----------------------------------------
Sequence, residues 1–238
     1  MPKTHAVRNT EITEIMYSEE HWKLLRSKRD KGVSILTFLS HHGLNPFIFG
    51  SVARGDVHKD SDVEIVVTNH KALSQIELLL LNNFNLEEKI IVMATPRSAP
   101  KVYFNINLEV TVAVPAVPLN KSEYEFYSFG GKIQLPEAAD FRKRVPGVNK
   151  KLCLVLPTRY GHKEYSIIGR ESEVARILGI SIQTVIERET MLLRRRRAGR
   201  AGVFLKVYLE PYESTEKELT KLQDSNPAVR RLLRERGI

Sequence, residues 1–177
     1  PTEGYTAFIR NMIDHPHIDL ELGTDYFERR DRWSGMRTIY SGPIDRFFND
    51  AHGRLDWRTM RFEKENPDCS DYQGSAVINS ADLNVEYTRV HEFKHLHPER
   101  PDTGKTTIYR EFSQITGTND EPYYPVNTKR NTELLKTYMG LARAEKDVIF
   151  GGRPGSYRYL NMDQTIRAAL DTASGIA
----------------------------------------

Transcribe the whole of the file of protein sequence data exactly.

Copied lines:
Sequence, residues 1–238
     1  MPKTHAVRNT EITEIMYSEE HWKLLRSKRD KGVSILTFLS HHGLNPFIFG
    51  SVARGDVHKD SDVEIVVTNH KALSQIELLL LNNFNLEEKI IVMATPRSAP
   101  KVYFNINLEV TVAVPAVPLN KSEYEFYSFG GKIQLPEAAD FRKRVPGVNK
   151  KLCLVLPTRY GHKEYSIIGR ESEVARILGI SIQTVIERET MLLRRRRAGR
   201  AGVFLKVYLE PYESTEKELT KLQDSNPAVR RLLRERGI

Sequence, residues 1–177
     1  PTEGYTAFIR NMIDHPHIDL ELGTDYFERR DRWSGMRTIY SGPIDRFFND
    51  AHGRLDWRTM RFEKENPDCS DYQGSAVINS ADLNVEYTRV HEFKHLHPER
   101  PDTGKTTIYR EFSQITGTND EPYYPVNTKR NTELLKTYMG LARAEKDVIF
   151  GGRPGSYRYL NMDQTIRAAL DTASGIA